I had somewhat of an emotional breakdown last night because apparently my camera contained part of my soul I can never get back and Digoin is so cold and gray now and the strike is really making my life miserable and how am I going to go to Paris and Arles and Grenoble and Lyon next week during my vacation and nobody said Bonjour to me outside and this is a ghost town on Sundays and Mondays and OMD is this beyond-boring ceramic museum seriously the only thing I can take my visitors to?

There's an emotional cycle of culture shock you experience when you go abroad. First you're in the Honeymoon Period: everything's great and nothing could possibly be better than what you're doing. Then the reality that you're a billion miles away from your loved ones and everything familiar starts to sink in, and everything sucks. Then you stabilize and get used to things. Then, right before you leave, you love everything so much that you get depressed about going back home, where you will inevitably go through reverse culture shock.

I felt better this morning, when we encountered the high school students' protest on our way to get some pain au chocolat for breakfast. Among the protesters were several of the students I've had in class, and they said, "C'est l'assistante d'anglais! 'Ello Nina!" as they marched by. (They like me! They really really like me!) And I came home this afternoon to find a box from my parents that contained my Association sweatpants and my oversized North Branch Cinema sweatshirt, which have contributed to the immeasurable increase in comfort I'm currently experiencing. Then I was able to find a bus to go to my orientation in Montceau-les-Mines tomorrow, which I've been fretting about having to skip since the trains aren't running. And then a teeny tiny sun ray lit up a corner of my room for about three whole minutes!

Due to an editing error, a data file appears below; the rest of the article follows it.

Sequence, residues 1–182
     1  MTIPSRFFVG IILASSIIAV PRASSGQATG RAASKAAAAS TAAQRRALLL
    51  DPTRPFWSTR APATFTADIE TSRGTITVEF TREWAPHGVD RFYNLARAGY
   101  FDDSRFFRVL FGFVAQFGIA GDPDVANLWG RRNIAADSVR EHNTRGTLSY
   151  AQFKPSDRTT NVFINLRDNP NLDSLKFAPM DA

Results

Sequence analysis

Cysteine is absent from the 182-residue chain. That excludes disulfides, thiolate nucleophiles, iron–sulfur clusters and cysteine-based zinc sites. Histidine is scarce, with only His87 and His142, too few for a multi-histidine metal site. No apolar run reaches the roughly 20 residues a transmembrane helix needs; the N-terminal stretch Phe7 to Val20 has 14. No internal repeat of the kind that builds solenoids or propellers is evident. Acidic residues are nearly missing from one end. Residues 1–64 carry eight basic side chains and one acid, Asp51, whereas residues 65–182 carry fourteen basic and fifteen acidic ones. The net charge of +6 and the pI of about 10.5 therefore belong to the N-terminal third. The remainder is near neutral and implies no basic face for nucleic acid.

I'm hoping my Stage 2 (Everything is Difficult) is swift and Stage 3 (Hey! I'm Figuring This Out) is right around the corner.


  1. It will get better Nina. When I first came to Portland at the tender age of 19, I experienced similar feelings. As a result, I almost left my host family to go back to France. The following July, I didn't really want to leave! Ah, the waves of Culture Shock... Have a sunny day and best greetings from the Old West.

  2. I had my camera stolen last year. I still feel like someone stole a piece of my soul. There weren't too many pictures on there that I hadn't uploaded to my computer, but there were pictures of Wyatt's first year on there - including his birth. Grr, I'm getting grumpy just thinking about it.
    AND, the last time I went to Italy it turns out my camera wasn't working (stupid film cameras)so I don't have any pics of David, Pisa or any of the other things we saw.
    But, I still have all my memories :)

  3. I would be dead if I lost my camera. Kudos!

    Bonne chance :)

    Love your blogg.

  4. Poor Peachy Pie! The camera loss is bad, but--as you say--c'est la vie. We'll try and send some dvds your way--let us know which ones you'd like.

  5. Merci tout le monde.

    I forgot to add that yesterday, after I left the camera shop (where I found out a new appareil photo will set me back 140 Euros-- it's the only model he has in stock), I stepped in a big pile of dog doodoo.

    C'est la vie indeed...

  6. Nina,

    This post just made me laugh (not at the fact that you lost your camera, but in appreciation of the way you describe your feelings with humor)...I'm in the same boat. Knowing we are going through the same thing makes me feel so much better already. Looking forward to seeing you in Dijon soon.